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3. Taste Aversion
About this Lecture
In this lecture, we think about taste aversion, focusing in particular on: (i) the role that conditioning plays in learning positive or negative taste memories; (ii) Garcia and Koelling’s 1966 study on relating different consequences to food tastes, finding that illness was a more effective negative consequence than shock for conditioning rats against taste, but not for a click and light; (iii) evidence that shocks paired with taste can result in conditioning against that particular taste, but does not bring about the aversive facial expressions like taste paired with illness does; (iv) evidence that foods previously liked, when paired with an illness event, were then deemed to be bad tasting by humans, but those paired with negative non-illness events were not; (v) the overall view that this adaptive mechanism is in place to ensure we only learn to dislike a food when it is paired with a negative event that could be attributed to the food itself.
In this course, Professor Dominic Dwyer (Cardiff University) explores neophobia and taste aversion. In the first lecture, we think about the evolutionary background of feeding, including the reasons behind our preferences and avoidances for particular tastes. In the second lecture, we think about neophobia and its evolutionary function which stops the ingestion of large quantities of potentially unsafe substances. In the third lecture, we think about the classic understanding of taste aversion as a specialised function to enable the rapid learning of taste and illness pairings. Next, we think about some modern research which proposes that rapid learning is enabled more so by the ‘fit’ of the stimulus, in factors such as the length of time the experience lasts. In the fifth and final lecture, we think about the overall evolutionary functions that each of these taste and food related adaptations provide.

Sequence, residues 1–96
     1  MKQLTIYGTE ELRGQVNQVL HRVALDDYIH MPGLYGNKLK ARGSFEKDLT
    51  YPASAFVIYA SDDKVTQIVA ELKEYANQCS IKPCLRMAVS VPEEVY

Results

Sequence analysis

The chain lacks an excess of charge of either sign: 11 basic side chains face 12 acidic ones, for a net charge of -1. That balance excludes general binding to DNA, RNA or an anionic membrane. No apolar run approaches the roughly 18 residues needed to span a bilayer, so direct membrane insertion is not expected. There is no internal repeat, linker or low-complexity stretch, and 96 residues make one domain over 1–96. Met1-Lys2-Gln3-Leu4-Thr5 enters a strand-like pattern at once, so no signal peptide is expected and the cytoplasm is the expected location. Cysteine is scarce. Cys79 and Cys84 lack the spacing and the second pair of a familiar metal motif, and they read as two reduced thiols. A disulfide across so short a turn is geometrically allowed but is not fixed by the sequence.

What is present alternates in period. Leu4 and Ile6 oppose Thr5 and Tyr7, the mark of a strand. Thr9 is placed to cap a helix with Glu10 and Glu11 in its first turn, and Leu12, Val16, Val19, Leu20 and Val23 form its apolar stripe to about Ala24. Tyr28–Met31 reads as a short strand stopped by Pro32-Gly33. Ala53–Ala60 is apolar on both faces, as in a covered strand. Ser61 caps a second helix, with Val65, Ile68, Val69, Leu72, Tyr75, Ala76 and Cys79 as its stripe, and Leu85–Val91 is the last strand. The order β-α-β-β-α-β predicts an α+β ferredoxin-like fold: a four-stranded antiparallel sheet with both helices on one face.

Professor Dominic Dwyer is the chair for the BSc and MSc exam boards in the School of Psychology at Cardiff University. Professor Dwyer teaches introductory statistics for undergraduate years one and two. Professor Dwyer’s research is primarily focused on how animals and people learn, as well as how that learning is expressed as behaviour. Some key focus areas of this research are computational modelling, neurodegenerative disorders, and the assessment of individual differences. Some of Professor Dwyer’s recent publications include 'EXPRESS: Instrumental responses and Pavlovian stimuli as temporal referents in a peak procedure' (2022) and 'Face masks have emotion-dependent dissociable effects on accuracy and confidence in identifying facial expressions of emotion' (2022).
Cite this Lecture
Dwyer, D. (2022, April 26). Eating Behaviour – Neophobia and Taste Aversion - Taste Aversion [Video]. MASSOLIT. https://massolit.io/courses/eating-behaviours-neophobia-and-taste-aversion/taste-aversion
Dwyer, D. "Eating Behaviour – Neophobia and Taste Aversion – Taste Aversion." MASSOLIT, uploaded by MASSOLIT, 26 Apr 2022, https://massolit.io/courses/eating-behaviours-neophobia-and-taste-aversion/taste-aversion